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Iraqis Vote in First Polls Since US Withdrawal

Iraqis voted Saturday in the country's first elections since the U.S. military withdrawal in 2011.

Voters cast ballots for local officials in 12 of Iraq's 18 provinces.

Around 8,000 local candidates are running for 378 positions in provincial councils. The vote tally is expected to begin on Sunday.

The poll does not affect national leadership. But it is seen as a barometer of Prime Minister Nouri al-Maliki's popularity in the lead-up to next year's parliamentary election. Rival Sunni politicians have been demanding he step down, amid popular protests against him in western parts of Iraq.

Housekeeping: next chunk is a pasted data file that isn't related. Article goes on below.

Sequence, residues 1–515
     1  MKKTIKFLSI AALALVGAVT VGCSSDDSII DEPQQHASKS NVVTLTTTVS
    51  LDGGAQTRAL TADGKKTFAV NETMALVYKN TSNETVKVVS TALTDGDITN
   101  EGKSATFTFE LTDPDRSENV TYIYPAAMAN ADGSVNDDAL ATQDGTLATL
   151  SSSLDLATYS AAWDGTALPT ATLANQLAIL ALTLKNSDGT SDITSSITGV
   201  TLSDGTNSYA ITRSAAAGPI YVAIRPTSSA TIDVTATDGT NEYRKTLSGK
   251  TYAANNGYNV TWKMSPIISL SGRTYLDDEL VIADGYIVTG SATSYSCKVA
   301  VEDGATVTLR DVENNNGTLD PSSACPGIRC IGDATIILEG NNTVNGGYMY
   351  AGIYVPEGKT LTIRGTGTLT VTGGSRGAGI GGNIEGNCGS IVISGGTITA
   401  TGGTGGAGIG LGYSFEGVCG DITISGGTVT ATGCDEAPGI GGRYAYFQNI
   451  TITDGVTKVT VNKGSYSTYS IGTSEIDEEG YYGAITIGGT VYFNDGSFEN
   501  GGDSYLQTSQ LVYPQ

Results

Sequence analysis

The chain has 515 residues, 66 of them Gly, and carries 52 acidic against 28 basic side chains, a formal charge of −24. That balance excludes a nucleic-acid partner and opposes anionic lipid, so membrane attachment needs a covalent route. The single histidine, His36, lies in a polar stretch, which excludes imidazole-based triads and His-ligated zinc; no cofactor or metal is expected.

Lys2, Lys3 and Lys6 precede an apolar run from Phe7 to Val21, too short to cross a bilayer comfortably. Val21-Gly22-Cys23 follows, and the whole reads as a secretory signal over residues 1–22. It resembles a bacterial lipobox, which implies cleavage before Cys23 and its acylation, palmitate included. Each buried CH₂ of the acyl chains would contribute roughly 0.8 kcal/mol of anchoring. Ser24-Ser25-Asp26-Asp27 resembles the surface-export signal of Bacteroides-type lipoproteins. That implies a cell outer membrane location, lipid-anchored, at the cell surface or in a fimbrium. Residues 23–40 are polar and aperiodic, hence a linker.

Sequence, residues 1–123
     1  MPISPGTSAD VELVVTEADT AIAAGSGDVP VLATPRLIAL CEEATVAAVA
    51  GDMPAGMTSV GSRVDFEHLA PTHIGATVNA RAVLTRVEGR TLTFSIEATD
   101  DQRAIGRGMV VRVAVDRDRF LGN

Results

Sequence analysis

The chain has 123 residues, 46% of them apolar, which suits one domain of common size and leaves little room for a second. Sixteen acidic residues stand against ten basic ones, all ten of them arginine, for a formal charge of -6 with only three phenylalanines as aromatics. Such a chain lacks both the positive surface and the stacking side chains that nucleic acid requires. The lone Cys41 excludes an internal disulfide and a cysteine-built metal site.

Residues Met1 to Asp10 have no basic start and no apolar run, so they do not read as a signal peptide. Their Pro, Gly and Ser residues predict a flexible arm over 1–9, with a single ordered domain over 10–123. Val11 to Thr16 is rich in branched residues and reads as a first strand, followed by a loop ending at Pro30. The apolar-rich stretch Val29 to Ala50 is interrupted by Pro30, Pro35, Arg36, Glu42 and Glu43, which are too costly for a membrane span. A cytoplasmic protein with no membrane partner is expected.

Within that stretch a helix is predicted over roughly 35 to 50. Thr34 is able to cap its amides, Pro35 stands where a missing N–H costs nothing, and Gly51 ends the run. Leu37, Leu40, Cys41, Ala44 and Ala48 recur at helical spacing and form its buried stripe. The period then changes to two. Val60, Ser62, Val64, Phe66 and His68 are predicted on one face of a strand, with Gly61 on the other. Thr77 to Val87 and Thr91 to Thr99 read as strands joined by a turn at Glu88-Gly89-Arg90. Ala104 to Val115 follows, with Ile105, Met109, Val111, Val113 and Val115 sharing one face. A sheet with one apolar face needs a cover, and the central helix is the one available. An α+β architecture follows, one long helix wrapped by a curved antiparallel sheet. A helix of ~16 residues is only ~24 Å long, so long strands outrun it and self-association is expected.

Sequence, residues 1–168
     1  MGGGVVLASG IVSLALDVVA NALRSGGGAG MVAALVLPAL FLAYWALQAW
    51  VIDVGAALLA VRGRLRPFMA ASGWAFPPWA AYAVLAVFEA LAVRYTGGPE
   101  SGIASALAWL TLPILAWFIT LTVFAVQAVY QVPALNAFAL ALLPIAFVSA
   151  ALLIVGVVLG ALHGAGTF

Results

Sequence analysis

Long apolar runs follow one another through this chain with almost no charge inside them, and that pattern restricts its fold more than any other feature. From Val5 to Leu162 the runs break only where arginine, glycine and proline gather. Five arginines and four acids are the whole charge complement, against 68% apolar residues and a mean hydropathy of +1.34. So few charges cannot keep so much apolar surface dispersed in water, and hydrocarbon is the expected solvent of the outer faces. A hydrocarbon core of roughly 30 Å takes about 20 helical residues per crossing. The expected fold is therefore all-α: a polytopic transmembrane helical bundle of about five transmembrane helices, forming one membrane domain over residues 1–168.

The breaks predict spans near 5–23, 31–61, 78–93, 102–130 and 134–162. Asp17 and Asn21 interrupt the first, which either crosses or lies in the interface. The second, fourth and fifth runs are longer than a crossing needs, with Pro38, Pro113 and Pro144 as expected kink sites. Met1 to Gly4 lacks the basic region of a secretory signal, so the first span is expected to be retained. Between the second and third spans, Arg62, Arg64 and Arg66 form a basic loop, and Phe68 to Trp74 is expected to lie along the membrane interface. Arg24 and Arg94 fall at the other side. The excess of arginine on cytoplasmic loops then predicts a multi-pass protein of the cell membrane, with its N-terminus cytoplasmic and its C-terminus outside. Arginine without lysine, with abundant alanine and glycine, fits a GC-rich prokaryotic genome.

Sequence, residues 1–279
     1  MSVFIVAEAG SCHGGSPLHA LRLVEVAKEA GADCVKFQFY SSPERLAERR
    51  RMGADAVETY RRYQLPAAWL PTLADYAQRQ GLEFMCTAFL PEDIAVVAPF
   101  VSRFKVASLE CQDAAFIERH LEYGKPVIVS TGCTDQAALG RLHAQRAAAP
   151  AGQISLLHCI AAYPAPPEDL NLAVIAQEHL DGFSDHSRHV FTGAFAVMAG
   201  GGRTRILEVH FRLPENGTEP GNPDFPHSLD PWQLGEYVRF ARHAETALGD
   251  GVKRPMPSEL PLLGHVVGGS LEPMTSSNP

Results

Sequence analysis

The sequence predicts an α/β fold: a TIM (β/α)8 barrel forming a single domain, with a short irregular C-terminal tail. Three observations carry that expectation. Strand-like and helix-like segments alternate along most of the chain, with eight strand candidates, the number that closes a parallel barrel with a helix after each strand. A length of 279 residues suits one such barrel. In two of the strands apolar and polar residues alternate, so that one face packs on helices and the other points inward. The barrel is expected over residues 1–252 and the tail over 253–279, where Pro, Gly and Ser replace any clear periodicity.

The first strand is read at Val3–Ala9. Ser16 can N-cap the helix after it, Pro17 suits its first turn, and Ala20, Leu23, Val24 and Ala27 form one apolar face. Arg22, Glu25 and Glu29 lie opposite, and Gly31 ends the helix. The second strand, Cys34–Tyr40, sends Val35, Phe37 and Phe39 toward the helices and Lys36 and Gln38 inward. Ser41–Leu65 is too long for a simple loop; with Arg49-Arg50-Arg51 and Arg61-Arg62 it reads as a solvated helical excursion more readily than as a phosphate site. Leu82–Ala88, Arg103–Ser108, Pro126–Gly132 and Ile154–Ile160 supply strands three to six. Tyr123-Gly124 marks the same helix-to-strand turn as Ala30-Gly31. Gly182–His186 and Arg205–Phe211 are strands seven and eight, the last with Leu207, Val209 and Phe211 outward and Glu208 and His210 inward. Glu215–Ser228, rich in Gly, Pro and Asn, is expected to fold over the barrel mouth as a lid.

No major violence was reported Saturday, despite widespread fears that Sunni insurgents might try to disrupt the vote. Voting is being delayed until a later date in two Iraqi provinces because of security concerns amid ongoing sectarian violence.



Security was tight Saturday, in response to a recent spike in political violence. On Friday, at least eight people were killed when mortar shells hit a Sunni Muslim mosque in a village near Khalis. A bomb also exploded inside a Shi'ite mosque in Kirkuk, leaving at least one person dead.

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Independent National Electoral Commission chairman, Attahiru Jega, left, views election results at the coalition center in Abuja, Nigeria, March 30, 2015.

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